Living the Gospel: overcoming prejudice


“Jesus has shown us that love means welcoming the other person as they are, in the same way as He has accepted each one of us. Welcome the other person, with their own style, their own ideas, even their own defects, their diversity. (…) Make space for them within us, removing every prejudice, preconceived judgement and instinctive rejection”. (Chiara Lubich)

The “Village of misery”
The residents of this slum area situated along swampy river banks, often have no alternative but to leave their children alone at home during the day while they are out struggling to earn a living. A while ago, following torrential rain, the swollen river entered many of the dwellings, and unfortunately a baby, only a few months old, was swept away. We live in a residential area not far from this area. Shocked to hear of this tragedy, we tried to find a way to respond and encouraged friends and relatives of the family to get involved. We found a suitable place, and hired rooms to start a crèche where parents could safely leave their children during the day. Nearby we also launched a nursery school for the older ones, so they didn’t remain out on the streets. This initiative is bearing fruit: new relationships are being forged between those who work there and the families; there is a sharing of goods, time and services. Gradually another dream is also taking shape: to offer better alternative accommodation to those families living in the “Village of misery”. Using a system focused based on self-help, this year we have built and inaugurated the first new houses.
(S.J.B. – Argentina)

Political convictions
In our office it was impossible not to speak about politics. Impossible not to experience the huge divisions between our different points of view. I got so tired of this daily tension which kept increasing every time someone would proclaim “truths” that others could not accept, I decided that rather than trying to change the office, I had better change myself. So I set myself the challenge to try to understand what was pushing one or other of my colleagues to defend a certain position. This attitude of mine provoked a certain curiosity, especially after they had attacked me personally as a “conservative Catholic bigot”! It’s true to say that prayer helped me, but also my parish community encouraged me to have more charity. One day my most virulent “enemy” said to me, “I don’t know where to attack you any more! I see that you’re happy. Your freedom confuses me!” Without too many formal explanations, a constructive friendship has been established which is now helping our other colleagues to engage in a more understanding attitude with one another, even while we retain our own convictions.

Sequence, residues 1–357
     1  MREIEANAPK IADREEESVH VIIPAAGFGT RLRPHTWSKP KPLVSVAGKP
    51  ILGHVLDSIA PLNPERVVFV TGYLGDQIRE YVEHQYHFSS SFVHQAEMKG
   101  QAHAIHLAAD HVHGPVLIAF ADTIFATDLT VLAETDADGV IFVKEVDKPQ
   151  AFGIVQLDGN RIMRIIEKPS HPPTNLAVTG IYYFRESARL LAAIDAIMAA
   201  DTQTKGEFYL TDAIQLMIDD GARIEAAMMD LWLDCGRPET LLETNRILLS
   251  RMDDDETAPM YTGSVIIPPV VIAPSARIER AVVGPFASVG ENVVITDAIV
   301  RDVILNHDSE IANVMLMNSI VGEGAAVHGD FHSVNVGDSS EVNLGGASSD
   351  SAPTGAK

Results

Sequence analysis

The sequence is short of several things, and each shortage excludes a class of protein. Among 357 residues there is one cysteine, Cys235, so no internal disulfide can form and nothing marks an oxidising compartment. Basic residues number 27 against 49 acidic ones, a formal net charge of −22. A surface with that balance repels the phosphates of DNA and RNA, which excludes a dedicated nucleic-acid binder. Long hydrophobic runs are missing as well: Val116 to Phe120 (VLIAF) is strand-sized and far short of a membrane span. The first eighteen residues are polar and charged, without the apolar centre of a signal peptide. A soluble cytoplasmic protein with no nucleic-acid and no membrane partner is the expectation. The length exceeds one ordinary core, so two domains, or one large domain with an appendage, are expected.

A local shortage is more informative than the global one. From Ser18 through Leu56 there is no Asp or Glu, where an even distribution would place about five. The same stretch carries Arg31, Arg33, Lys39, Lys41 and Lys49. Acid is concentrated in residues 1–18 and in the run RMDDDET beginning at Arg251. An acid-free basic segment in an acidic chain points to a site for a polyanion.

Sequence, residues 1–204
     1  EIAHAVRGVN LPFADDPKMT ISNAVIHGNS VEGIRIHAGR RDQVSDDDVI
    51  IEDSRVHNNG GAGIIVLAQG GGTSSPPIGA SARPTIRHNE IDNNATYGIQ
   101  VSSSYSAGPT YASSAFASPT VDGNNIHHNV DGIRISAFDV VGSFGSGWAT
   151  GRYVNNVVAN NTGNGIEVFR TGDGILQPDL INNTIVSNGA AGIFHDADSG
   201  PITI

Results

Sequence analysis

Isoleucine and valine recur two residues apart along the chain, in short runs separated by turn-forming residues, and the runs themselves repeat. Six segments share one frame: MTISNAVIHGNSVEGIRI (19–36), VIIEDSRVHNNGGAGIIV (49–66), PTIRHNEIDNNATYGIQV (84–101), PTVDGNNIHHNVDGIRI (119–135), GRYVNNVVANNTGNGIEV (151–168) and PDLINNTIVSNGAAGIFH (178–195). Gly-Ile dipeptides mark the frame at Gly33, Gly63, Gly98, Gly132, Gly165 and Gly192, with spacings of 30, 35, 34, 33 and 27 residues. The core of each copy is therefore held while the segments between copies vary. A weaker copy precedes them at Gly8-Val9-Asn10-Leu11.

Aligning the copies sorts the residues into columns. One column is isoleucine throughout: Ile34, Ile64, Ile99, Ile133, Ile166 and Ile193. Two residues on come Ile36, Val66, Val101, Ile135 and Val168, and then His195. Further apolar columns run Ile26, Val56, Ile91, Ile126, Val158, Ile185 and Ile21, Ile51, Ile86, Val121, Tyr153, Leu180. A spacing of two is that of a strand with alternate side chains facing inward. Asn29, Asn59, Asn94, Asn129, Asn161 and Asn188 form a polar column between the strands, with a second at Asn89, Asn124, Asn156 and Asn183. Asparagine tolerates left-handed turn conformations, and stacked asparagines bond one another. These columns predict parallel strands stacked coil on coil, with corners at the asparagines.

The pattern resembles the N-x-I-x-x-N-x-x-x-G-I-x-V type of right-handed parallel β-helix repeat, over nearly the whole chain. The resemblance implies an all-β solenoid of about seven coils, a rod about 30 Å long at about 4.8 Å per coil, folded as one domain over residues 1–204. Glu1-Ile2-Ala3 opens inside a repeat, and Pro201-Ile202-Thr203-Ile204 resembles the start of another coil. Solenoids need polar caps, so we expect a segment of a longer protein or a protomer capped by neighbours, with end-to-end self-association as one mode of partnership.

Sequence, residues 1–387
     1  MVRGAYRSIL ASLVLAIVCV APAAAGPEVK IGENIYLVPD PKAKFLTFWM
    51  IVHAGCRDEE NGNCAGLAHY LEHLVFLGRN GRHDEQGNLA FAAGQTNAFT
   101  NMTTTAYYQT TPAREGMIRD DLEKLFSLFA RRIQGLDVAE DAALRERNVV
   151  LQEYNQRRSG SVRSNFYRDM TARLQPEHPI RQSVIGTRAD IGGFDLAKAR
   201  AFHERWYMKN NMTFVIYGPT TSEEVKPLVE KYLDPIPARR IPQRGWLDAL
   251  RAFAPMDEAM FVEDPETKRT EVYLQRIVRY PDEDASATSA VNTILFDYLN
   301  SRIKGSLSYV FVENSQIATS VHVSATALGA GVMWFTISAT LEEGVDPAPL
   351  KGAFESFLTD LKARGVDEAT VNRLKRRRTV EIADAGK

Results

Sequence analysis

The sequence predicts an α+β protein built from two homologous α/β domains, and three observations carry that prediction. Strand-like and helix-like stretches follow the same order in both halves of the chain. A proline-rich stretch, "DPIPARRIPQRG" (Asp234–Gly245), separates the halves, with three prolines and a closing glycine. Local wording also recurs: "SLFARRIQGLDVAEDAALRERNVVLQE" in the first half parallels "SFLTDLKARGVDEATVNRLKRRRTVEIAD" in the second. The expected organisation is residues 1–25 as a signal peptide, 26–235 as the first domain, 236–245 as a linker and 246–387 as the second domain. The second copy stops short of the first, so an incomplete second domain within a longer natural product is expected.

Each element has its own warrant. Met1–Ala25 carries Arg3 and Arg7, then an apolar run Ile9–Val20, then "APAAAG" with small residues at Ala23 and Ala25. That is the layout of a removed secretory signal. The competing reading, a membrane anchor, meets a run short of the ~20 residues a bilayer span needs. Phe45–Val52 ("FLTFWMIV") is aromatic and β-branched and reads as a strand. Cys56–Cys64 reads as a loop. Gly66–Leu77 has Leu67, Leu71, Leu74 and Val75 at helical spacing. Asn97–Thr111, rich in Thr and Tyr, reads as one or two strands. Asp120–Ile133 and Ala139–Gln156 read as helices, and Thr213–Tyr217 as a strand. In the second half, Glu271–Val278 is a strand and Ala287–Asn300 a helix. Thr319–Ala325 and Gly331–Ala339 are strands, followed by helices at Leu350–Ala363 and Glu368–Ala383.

(F.H.-Hungary)

Thieves inside my home
I opened the door to them because they looked like nice young men. Instead, they demanded my money, and began opening drawers and cupboards while one of them held my arm tightly behind my back. I was too terrified even to cry out. When they left I collapsed on the floor in shock. They could have shown some pity for my age. Then I managed to go out onto my balcony and cry for help, though the thieves were long gone by then. My neighbours came but all they could do was to help me tidy up as I tried to see what had been taken. What could I do? That day I felt as if all the misery of loneliness and old age had fallen upon me. I couldn’t get to sleep that night. I kept reliving the events of the day. They had seemed such nice young men, they could have been my grandchildren. Why had they acted like this? I managed to find some peace within myself when I decided to pray for them and for their own mothers. And I thanked God that I was still alive.
(Z.G.-Italy)

Don’t deny life
I met a neighbour I hadn’t seen for many years, since we moved away from the area. I almost didn’t recognise her because she looked much older than her years. I could tell she really wanted to talk and open her heart to share what she had lived through since we had last met. “It all began one day,” she told me, “when I decided to have an abortion because I thought it would solve the problems my husband and I were having at the time. Far from it, in fact he blamed me for not giving him a son and then left me for another woman, leaving me to struggle alone to bring up our two teenage daughters. Time passed, and one of my daughters confessed to me that she was pregnant. Her boyfriend had given her an ultimatum: abort the child or he would leave her. I confided in her what I had never told anyone before, and pleaded with her not to deny life, as I had done. Seeing my tears, it was my daughter who comforted me. She later explained that seeing my grief made her decide to keep her baby. And so it was. The father did not leave her. They are together with their beautiful daughter who is also my own consolation”.
(S.d.G.-Malta)

collated by Stefania Tanesini
(from Il Vangelo del Giorno, Città Nuova, anno VI, n.1, gennaio-febbraio 2020)

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